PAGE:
Thus one important task for Argentine anarchists and anti-authoritarian revolutionaries to consider is exposing and opposing any political or union leader who opportunistically tries to use the assemblies to further his or her own career or who attempts to channel the activities of the assemblies into "the sphere of established politics". In addition, it is important to oppose all tendencies toward formalization, to stand firmly against any proposal for re-organizing the assemblies in a way that would provide a framework for politicians and self-styled leaders to impose their agendas. I am certain the anarchists in Argentina are quite aware of these dangers and quite vigilant. And I suspect that many who do not call themselves anarchists are equally hostile to anyone who wants to claim to represent them. But for those who have asked me in the past what I mean when I speak of anarchists intervening in a struggle in a way that fits in with their aims, this is precisely the type of activity I have in mind. The aim of the anarchist revolutionary is to recreate life free of domination, exploitation or hierarchy, to develop the self-organization of existence without politics or formalization, without the state or economy, to destroy everything that stands in the way of the full realization of each one of us as unique individuals. And in the course of a struggle like that in Argentina, this aim expresses itself in vehement rejection of all politicians and leaders, even those who claim to support the struggle. After all, though repression is certainly the greatest external threat to the insurrection, the greatest internal threat is its recuperation by politicians and union leaders who are also enemies of real liberation since they too prefer the passivity of the exploited. That is why they offer to act on the behalf of those in struggle.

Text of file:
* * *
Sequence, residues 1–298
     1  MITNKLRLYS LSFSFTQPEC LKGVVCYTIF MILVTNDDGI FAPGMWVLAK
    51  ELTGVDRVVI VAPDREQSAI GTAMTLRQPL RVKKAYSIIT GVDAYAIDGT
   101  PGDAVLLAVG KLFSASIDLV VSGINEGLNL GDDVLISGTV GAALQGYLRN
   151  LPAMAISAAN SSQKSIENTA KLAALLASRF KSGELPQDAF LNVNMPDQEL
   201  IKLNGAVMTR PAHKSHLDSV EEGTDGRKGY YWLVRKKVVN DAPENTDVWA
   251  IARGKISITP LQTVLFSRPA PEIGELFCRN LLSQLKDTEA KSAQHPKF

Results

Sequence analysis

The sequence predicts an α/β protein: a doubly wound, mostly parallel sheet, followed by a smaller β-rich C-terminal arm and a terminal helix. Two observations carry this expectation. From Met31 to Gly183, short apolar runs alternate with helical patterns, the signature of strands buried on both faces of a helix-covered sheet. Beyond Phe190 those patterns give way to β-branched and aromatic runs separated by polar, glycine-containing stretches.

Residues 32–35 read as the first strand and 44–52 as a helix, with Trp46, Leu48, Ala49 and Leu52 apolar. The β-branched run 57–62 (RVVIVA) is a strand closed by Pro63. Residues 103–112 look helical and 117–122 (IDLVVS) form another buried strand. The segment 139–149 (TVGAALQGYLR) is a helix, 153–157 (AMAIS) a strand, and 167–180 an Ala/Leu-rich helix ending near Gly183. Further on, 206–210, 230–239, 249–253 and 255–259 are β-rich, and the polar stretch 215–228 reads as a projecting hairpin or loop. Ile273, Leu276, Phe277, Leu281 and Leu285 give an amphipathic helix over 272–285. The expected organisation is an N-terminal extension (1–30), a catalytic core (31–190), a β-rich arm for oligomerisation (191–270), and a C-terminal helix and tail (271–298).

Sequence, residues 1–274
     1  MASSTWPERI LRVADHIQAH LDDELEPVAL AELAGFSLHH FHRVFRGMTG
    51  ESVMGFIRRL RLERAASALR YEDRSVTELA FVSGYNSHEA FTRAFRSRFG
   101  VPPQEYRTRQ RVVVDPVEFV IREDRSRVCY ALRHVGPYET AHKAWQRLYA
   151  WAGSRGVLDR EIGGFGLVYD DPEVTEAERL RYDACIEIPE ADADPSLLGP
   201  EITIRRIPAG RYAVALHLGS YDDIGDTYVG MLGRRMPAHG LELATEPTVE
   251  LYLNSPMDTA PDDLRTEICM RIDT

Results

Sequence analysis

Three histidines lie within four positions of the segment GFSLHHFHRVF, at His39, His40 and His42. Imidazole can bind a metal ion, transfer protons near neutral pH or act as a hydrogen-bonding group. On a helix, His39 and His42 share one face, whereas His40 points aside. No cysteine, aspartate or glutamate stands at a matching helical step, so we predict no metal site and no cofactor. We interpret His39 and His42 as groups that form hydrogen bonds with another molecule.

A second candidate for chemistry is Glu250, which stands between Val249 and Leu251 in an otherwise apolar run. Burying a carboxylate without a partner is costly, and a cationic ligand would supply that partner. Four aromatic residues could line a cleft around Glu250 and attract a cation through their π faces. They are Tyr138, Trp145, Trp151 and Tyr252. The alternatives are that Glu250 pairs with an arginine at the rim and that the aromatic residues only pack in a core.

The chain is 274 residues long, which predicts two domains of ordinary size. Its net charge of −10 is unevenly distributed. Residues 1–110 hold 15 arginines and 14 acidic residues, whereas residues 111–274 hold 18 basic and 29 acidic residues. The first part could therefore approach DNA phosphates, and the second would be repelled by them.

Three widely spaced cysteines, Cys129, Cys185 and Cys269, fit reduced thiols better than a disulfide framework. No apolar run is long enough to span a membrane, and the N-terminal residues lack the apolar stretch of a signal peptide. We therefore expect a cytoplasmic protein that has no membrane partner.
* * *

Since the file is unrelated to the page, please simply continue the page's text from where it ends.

But for now it appears that the struggle in Argentina is opening. People are exploring and experimenting with new ways of relating and organizing life, venturing tentatively into the unknown. To quote the Argentine Libertarian Federation once again:
"Each of our neighbor's expressions becomes a communitarian thought, charged with questions, where the posing of questions is what counts the most, not their imagined answers. Today we can say joyfully that words and direct action have begun to coincide. There is reason to hope that all Argentineans now know for certain who has been blocking our freedoms, excluding people, forcing our relatives and friends into exile and mortgaging the future of our children and grandchildren.
"Now the fear in our society has turned into courage."
(1)If this listing of those "marginalized and excluded from capitalist society" seems strange to U.S. and European readers, we need to remember that the freeze on withdrawals from banks pushed the so-called middles classes into a state of economic marginalization and desperation comparable to that of 25% of the Argentine population that is unemployed.-editor
(2)The description of these expressions of the practical refusal of hierarchical relationships and formalization as "libertarian socialist slogans" seems to me to be rather opportunistic. The call for such a methodology of struggle does not reflect any political program, not even that of "libertarian socialists", but rather the refusal of politics and the active desire to replace it with the autonomous self-organization of life.-editor